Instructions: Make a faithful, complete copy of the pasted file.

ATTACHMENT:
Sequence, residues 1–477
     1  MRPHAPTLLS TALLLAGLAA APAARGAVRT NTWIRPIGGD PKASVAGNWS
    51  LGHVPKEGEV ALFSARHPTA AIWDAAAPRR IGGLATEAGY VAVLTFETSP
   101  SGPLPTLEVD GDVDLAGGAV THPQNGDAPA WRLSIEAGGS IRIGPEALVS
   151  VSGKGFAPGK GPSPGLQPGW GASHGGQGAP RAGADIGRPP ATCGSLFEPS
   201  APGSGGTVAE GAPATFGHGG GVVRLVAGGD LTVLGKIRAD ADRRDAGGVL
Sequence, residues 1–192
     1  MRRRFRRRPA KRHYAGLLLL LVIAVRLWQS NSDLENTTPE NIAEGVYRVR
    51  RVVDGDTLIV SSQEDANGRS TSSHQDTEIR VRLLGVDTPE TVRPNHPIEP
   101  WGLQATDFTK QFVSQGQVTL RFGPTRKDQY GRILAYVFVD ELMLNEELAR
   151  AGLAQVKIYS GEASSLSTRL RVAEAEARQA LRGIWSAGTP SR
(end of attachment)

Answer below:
Sequence, residues 1–477
     1  MRPHAPTLLS TALLLAGLAA APAARGAVRT NTWIRPIGGD PKASVAGNWS
    51  LGHVPKEGEV ALFSARHPTA AIWDAAAPRR IGGLATEAGY VAVLTFETSP
   101  SGPLPTLEVD GDVDLAGGAV THPQNGDAPA WRLSIEAGGS IRIGPEALVS
   151  VSGKGFAPGK GPSPGLQPGW GASHGGQGAP RAGADIGRPP ATCGSLFEPS
   201  APGSGGTVAE GAPATFGHGG GVVRLVAGGD LTVLGKIRAD ADRRDAGGVL
Sequence, residues 1–192
     1  MRRRFRRRPA KRHYAGLLLL LVIAVRLWQS NSDLENTTPE NIAEGVYRVR
    51  RVVDGDTLIV SSQEDANGRS TSSHQDTEIR VRLLGVDTPE TVRPNHPIEP
   101  WGLQATDFTK QFVSQGQVTL RFGPTRKDQY GRILAYVFVD ELMLNEELAR
   151  AGLAQVKIYS GEASSLSTRL RVAEAEARQA LRGIWSAGTP SR